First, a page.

Japan auditors to approve restated Olympus accounts - media
TOKYO (Reuters) - External auditors of Japan's disgraced Olympus Corp (7733.T) are set to sign off on its restated accounts this week, the Asahi newspaper said on Tuesday, clearing one key hurdle in the firm's struggle to survive a $1.7 billion (1 billion pound) accounting fraud.
The maker of cameras and medical equipment must publish its second-quarter results by Wednesday in order to keep its stock-market listing and avoid being cut off from capital markets, and will also submit its corrected accounts for the past five years.
Olympus has repeatedly reassured investors that it would meet the deadline to iron out its accounts, but there have been worries over whether its auditors would sign off on them.
Auditing firms KPMG AZSA LLC and Ernst & Young ShinNihon LLC will approve without qualification all the statements except for the year ending in March 2007, which they will approve with qualification, the Asahi said without citing sources.
Olympus' shares at one point lost more than 80 percent of their value after the scandal broke in October, when it sacked its British chief executive, Michael Woodford, who then went public with his concerns about some murky Olympus deals.
Since then, an outside panel commissioned by Olympus to investigate the scandal has found that several former executives had engineered a scheme to hide investment losses for 13 years and had used acquisition payments to aid the cover-up.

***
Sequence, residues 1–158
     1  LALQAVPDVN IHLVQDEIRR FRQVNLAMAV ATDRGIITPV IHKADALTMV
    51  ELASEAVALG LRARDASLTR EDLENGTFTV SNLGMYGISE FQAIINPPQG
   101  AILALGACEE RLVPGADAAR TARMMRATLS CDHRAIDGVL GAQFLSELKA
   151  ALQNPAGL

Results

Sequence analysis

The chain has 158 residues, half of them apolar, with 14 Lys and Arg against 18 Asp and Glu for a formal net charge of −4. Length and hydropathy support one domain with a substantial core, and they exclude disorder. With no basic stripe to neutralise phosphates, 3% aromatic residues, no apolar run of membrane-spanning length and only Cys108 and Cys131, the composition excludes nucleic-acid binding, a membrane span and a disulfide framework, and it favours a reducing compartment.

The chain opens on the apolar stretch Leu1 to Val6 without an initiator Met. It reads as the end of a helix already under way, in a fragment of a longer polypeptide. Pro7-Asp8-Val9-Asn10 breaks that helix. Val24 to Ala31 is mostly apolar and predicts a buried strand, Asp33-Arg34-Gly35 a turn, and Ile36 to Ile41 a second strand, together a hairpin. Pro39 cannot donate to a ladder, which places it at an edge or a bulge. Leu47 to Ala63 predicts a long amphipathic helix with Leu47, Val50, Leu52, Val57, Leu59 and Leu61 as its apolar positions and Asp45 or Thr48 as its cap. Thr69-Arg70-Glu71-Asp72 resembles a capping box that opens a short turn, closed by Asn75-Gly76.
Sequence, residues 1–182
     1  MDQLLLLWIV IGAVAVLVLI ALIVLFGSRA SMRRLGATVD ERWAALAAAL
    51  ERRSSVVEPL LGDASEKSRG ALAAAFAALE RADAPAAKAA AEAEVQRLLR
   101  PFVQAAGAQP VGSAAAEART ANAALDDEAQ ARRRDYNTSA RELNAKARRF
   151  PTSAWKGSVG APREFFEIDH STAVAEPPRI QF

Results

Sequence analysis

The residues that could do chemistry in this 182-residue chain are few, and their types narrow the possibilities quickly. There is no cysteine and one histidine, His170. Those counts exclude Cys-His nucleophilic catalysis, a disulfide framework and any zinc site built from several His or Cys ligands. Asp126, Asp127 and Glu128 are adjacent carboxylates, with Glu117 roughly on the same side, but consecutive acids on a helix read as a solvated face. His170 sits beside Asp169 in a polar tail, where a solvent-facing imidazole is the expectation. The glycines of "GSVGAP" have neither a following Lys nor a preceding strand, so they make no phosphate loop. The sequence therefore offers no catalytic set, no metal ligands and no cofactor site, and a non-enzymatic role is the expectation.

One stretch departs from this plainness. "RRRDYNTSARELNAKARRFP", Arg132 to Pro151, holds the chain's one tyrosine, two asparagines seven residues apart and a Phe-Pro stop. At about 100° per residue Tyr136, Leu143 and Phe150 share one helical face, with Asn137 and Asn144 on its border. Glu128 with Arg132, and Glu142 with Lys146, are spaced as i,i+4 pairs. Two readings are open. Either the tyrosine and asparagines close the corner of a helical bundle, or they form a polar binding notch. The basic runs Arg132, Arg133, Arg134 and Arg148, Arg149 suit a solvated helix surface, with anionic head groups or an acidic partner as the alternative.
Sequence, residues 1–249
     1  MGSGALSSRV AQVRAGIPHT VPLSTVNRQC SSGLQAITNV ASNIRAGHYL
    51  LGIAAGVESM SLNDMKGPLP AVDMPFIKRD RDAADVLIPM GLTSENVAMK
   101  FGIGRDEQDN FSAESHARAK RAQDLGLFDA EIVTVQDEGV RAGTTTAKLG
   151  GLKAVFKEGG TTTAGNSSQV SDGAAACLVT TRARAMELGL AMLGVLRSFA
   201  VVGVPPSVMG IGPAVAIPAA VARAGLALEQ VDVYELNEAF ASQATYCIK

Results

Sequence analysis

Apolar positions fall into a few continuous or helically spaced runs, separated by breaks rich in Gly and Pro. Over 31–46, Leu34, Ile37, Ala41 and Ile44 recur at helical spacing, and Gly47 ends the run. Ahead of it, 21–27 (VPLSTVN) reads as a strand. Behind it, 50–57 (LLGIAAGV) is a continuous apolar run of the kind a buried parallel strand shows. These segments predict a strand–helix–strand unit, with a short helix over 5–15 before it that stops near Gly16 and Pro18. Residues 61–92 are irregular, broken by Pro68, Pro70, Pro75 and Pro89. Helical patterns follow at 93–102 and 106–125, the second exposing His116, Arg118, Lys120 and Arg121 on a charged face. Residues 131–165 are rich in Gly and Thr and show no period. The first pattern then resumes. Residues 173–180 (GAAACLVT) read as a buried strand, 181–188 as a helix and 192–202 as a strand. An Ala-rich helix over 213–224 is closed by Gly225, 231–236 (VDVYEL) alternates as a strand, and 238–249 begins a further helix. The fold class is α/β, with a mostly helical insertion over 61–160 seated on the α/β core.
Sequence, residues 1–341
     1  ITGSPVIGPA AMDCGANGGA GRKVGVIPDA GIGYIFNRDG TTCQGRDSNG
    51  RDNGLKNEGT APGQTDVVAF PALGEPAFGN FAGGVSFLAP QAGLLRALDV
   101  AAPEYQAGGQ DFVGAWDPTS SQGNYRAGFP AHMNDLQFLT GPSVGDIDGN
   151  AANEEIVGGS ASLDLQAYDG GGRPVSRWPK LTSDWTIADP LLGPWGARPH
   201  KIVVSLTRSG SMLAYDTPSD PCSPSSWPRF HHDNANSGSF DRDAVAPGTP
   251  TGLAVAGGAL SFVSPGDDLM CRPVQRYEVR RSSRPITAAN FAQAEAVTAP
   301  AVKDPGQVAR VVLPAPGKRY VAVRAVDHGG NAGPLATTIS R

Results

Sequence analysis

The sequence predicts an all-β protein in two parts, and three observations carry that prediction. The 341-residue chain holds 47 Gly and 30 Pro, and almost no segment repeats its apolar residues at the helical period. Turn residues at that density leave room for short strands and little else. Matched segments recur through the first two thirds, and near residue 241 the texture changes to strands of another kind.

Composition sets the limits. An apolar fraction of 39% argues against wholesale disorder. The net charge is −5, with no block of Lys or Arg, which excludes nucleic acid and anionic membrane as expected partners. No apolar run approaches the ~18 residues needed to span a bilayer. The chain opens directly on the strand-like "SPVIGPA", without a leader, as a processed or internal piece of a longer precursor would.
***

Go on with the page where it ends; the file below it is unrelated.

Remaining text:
Olympus shares, though, have rallied from their lows in recent weeks, with investors betting it will avoid a humiliating delisting. Now about half its pre-scandal value, the stock stood about 6 percent higher at 1,379 yen in morning trade on Tuesday.
KIKUKAWA PERSONALLY FIRED AUDITOR - NIKKEI
Woodford arrives in Tokyo later on Tuesday on a mission to persuade employees and investors that he is the right person to return to his old job and get the firm back on track. He faces a battle with the current board, which plans to resign but wants to first pick their own slate of successors.
Olympus's investigative panel put much of the blame on a former executive vice president and a former corporate auditor, but said past presidents had been made aware of the cover-up.
Tokyo police, prosecutors and the securities watchdog have launched a rare joint probe of the affair and are expected to intensify the probe after Olympus announces its earnings.
The Nikkei newspaper reported on Tuesday that former Olympus president Tsuyoshi Kikukawa had personally dismissed the auditing firm that had raised objections about the murky acquisitions used in the accounting concealment of losses.
The acquisition payments included three unusual domestic deals as well as a massive fee paid to a financial advisory firm linked to its $2 billion takeover of UK medical devices maker Gyrus Group Plc in 2008. KPMG AZSA LLC, Olympus' auditing firm at the time, raised objections to the deals in May 2009, calling them overpriced, the Nikkei said.
In response, Kikukawa went to the firm's offices to say it would not be rehired as Olympus auditor, accusing it of "interfering in management decisions", Nikkei reported.
Kikukawa, who succeeded Masatoshi Kishimoto as president in June 2001, had received updates on the loss-making investments several times a year based on information contained in a secret ledger, the business paper said. These reports were destroyed after each update meeting, it added, quoting unnamed sources.
Kikukawa has not been able to be reached for comment since he stepped down as president soon after the scandal broke.
(Additional reporting by Sunayan Bhattacharjee in Bangalore; Writing by Linda Sieg; Editing by Mark Bendeich)
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